Play Ball! A look inside MLB's high-tech media center

Major League Baseball Advanced Media’s network operations center in New York looks a bit like a NASA control room. Computers cover several rows of tables, all facing a wall covered with eleven massive flat-screen displays. To complete the space-shot feel, there’s a red digital clock just below, slowly ticking toward blastoff—er, first pitch.

This room (and several other floors of workstations and servers) in a converted 19th-century cracker factory is the center of live sports streaming in the U.S. MLBAM collects, processes, and streams video, audio, and metadata of every game of the baseball season—as well as numerous other events, such as the NCAA basketball tournament and ESPN’s entire slate of streaming-video broadcasts.

It’s funny to consider that not too long ago, Major League Baseball was viewed as the most backward, the most hidebound of all the major U.S. sporting leagues. But the founding of the MLB Advanced Media (MLBAM) division—it’s a venture jointly owned by all 30 clubs, who share its profits—turned out to be a masterstroke.

Nestled in New York City’s funky Chelsea Market (rather than the league’s more staid offices uptown), this is an operation with the feel of a high-tech startup. There’s a massive network infrastructure that allows high-definition video from dozens of sources to flow in, huge racks of servers to encode video in a dozen different formats, a sea of iMacs that are used to add pitch-by-pitch metadata to the party, and teams of developers to create apps on platforms as disparate as iOS, Flash, PlayStation 3, and even the LG TV set I have in my living room.

I visited MLBAM during Spring Training, and things were relatively quiet—but beginning with Thursday’s Opening Day the place will become a hive of activity. Once all 30 clubs are playing on the same day, the control room will be processing more than two-dozen high-definition video feeds.

It’s the media hub of baseball, so much so that when league officials decided to institute limited in-game instant-replay review of certain calls, they set up the system inside this very room. (It’s since been moved to a smaller room on the opposite side of the big video wall, dubbed the “replay operations center.”)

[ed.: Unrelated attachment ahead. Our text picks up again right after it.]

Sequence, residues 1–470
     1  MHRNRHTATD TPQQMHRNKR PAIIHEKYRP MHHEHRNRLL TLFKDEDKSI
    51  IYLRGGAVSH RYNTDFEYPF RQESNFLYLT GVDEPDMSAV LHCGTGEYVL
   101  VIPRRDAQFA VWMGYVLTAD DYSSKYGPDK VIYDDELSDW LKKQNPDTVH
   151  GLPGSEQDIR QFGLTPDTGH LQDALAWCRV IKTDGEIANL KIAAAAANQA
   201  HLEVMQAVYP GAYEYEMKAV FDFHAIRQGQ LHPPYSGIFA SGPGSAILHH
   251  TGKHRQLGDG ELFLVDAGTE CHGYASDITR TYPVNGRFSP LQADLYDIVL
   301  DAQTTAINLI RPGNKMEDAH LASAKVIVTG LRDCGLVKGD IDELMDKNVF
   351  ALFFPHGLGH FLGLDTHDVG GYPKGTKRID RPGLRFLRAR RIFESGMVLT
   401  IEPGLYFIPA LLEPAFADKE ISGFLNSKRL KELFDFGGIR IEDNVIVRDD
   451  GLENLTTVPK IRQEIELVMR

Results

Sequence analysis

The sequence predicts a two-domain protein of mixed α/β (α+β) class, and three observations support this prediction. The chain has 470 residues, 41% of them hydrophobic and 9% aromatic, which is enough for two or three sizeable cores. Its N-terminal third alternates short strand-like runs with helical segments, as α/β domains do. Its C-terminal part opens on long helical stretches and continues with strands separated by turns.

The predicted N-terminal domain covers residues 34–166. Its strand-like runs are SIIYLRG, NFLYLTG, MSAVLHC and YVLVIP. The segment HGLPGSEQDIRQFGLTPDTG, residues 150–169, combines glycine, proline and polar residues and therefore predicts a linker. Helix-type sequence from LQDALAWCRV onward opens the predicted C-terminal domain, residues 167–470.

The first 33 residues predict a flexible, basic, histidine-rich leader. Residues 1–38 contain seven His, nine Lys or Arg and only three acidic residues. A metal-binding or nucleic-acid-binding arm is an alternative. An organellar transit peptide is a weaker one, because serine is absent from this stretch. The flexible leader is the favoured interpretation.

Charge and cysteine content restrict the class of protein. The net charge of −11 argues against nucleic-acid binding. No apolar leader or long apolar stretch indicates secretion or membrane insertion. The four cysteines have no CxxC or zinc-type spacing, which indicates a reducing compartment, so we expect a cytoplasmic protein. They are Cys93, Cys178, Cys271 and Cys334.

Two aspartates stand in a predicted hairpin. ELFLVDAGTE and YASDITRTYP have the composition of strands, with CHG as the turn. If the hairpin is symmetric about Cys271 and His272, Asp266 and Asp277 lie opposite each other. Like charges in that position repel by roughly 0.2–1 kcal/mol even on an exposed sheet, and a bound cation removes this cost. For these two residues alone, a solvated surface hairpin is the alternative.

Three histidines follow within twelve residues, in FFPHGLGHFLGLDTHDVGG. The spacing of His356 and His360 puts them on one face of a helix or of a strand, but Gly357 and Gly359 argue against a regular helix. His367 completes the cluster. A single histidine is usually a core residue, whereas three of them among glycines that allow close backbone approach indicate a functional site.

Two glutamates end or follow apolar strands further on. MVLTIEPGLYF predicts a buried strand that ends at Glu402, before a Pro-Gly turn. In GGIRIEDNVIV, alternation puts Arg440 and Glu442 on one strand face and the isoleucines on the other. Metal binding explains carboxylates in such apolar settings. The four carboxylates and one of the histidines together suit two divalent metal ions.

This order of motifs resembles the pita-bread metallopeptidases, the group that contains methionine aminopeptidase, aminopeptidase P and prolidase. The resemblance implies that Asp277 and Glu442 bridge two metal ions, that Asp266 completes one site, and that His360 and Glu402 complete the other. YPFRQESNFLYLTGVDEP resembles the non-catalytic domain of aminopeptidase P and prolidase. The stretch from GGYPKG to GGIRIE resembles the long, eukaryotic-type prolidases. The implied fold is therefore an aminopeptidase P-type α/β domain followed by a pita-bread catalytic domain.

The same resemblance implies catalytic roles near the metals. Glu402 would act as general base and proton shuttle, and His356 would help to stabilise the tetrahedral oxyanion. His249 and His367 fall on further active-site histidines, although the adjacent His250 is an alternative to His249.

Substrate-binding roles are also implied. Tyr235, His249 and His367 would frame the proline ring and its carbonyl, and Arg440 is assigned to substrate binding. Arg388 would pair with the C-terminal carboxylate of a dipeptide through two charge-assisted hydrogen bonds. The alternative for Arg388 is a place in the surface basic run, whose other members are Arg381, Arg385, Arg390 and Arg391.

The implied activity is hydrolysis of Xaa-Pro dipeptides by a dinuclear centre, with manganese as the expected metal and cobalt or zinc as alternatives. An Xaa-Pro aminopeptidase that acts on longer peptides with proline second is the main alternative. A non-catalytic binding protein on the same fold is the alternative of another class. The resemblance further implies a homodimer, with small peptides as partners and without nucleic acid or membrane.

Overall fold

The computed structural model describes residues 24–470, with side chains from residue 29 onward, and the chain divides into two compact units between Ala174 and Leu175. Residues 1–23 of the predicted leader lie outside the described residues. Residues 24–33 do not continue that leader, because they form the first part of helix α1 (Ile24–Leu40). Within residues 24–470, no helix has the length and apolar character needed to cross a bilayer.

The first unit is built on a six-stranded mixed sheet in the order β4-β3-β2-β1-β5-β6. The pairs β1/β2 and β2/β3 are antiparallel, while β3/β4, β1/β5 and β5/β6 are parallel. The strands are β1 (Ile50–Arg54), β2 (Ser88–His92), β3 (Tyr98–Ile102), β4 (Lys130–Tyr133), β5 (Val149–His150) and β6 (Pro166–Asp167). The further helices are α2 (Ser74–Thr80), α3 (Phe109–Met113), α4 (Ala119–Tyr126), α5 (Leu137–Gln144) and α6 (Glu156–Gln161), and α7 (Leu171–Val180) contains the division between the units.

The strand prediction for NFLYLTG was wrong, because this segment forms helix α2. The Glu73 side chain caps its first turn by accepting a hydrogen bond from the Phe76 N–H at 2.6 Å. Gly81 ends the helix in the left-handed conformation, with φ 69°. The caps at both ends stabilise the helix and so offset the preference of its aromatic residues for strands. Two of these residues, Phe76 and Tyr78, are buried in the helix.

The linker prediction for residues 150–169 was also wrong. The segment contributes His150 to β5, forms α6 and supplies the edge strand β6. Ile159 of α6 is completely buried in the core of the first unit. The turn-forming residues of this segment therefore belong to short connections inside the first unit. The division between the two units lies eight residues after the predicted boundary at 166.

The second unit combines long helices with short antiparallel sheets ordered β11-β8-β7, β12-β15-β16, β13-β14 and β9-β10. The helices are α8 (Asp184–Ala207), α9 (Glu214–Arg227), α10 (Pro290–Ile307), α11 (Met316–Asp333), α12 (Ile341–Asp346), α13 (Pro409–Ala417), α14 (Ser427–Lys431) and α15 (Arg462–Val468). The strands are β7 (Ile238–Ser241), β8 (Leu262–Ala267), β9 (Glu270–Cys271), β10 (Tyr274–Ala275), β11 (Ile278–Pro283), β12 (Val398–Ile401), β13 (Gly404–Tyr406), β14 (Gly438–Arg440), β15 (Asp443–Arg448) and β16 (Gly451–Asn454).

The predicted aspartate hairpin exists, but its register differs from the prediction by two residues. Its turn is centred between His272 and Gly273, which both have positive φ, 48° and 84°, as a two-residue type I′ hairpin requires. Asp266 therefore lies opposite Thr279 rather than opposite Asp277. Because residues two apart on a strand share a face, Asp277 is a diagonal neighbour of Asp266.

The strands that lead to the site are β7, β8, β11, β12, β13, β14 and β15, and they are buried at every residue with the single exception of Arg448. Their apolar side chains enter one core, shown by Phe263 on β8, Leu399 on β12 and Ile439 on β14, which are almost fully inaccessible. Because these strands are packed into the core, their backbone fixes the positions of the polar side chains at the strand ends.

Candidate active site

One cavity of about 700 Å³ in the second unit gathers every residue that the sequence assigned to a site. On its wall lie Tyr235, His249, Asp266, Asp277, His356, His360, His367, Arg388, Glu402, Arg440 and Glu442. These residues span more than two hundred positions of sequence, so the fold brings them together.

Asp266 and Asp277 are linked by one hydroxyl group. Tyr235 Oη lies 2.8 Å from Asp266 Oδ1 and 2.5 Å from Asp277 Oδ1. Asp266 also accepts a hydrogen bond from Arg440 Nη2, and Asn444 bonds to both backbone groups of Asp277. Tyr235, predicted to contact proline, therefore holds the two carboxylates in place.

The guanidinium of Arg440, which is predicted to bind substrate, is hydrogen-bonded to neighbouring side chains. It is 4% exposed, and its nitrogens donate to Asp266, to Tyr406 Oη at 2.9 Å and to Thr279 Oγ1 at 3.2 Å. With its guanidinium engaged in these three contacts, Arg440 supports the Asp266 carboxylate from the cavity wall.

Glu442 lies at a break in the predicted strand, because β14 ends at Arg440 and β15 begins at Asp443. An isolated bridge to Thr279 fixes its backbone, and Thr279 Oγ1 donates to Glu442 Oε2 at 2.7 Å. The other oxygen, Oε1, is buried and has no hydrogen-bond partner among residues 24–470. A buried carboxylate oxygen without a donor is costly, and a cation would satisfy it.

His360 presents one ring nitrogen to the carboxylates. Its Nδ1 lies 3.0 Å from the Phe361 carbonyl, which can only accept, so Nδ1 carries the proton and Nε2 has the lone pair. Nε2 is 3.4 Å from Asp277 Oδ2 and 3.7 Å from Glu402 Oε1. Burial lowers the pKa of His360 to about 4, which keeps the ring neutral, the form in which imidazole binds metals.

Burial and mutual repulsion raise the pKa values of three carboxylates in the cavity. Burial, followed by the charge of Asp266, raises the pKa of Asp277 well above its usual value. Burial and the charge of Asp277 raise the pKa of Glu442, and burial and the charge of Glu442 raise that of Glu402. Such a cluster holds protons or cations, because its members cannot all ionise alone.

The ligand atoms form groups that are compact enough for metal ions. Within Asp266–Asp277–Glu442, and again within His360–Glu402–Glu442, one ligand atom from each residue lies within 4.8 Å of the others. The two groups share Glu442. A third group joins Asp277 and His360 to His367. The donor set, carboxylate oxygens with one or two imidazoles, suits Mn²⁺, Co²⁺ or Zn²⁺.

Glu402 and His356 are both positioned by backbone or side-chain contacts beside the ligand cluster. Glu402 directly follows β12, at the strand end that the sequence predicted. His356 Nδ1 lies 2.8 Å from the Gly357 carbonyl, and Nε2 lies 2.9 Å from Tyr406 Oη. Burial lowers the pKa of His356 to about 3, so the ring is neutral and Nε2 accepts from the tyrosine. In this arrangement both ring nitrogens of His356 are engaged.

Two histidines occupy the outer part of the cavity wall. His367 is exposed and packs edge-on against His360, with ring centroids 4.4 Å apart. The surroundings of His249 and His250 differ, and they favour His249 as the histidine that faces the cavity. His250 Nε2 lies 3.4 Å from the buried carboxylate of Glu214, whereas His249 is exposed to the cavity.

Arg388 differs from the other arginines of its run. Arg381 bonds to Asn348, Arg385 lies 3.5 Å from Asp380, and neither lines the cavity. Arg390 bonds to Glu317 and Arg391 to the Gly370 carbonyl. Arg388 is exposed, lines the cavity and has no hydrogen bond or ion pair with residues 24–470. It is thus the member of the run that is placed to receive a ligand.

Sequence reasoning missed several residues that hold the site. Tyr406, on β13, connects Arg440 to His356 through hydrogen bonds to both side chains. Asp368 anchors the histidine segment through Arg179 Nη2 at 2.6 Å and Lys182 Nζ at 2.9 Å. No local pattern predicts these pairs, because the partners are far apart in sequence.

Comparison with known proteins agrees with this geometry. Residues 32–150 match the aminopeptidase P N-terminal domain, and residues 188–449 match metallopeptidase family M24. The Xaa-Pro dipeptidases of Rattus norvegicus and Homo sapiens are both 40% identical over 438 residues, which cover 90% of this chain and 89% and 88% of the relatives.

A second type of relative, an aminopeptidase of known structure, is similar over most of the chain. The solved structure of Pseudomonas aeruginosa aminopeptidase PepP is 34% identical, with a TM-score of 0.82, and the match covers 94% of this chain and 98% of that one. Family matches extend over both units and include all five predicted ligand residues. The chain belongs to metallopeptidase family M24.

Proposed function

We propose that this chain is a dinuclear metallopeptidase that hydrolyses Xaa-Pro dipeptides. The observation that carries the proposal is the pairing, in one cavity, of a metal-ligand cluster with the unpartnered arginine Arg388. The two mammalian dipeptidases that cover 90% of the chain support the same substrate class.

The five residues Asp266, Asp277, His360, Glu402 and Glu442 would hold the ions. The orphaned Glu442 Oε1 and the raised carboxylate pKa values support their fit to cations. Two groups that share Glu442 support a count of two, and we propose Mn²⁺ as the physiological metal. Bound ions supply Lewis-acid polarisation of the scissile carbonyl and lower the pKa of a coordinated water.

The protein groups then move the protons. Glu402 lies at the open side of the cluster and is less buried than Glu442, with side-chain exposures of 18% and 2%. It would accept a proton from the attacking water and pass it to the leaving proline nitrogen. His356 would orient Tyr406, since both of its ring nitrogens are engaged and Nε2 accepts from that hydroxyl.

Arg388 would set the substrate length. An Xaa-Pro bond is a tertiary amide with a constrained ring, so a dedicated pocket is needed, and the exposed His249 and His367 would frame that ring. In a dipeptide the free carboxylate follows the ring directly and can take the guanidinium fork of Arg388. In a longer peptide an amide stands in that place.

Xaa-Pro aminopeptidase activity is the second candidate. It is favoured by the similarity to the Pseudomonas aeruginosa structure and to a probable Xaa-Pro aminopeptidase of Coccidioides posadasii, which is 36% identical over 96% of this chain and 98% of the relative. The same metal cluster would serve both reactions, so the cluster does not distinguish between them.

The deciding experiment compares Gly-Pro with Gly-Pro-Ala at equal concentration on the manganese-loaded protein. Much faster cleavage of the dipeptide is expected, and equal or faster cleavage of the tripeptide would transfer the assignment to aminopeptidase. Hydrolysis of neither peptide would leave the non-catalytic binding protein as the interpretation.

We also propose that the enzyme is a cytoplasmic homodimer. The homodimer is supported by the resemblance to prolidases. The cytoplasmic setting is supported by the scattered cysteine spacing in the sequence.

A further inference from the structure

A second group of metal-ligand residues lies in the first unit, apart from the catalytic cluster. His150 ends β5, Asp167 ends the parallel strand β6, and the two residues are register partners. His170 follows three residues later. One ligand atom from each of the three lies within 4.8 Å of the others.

Fans watching a game on their iPad, Apple TV, Roku player, or any other device might not realize just what’s involved in getting that video stream to their device. It’s a process that begins in the network operations center, which is tied in to every major-league stadium and all of the team broadcasters. Those video feeds are encoded into 12 different bit rates and formats (all using the H.264 video codec).

Even that process isn’t a simple: the video engineers in the control room have built custom pre-sets for encoding video from different ballparks, day and night, as well as pre-sets for different broadcasters. That’s because a network like ESPN might prefer a warmer color palette with more saturation than a local cable broadcaster, and of course the lighting and coloring in each ballpark can be quite different.

And then there’s encoding that video down in a way that it can reach a device at the end of a phone, or even a slow home Internet connection.

“Mobile is challenging,” said Joe Inzerillo, MLBAM’s senior VP of multimedia and distribution, as we stood in the middle of the network operations center. After all the work MLBAM does to make sure the high-definition video it receives is of perfect quality, then it’s time to crush it into something a mobile device can receive. “It’s like ordering a nice meal, made for you by a chef, and then discovering you have to put it through a straw.”

A wall of 750GB drives.

Inzerillo led me across the street to look at the massive amount of hardware powering his operation’s encoding and storage systems. Here are racks of systems, each dedicated to encoding a single stream for a single broadcast at a single bit rate. In the next row is a wall of 750GB hard drives. On a different floor there’s a massive digital tape archive (with 30 petabytes of storage capacity) with a little tape robot zipping from slot to slot.

Meanwhile, back across the street at Chels Macworld | Server Error

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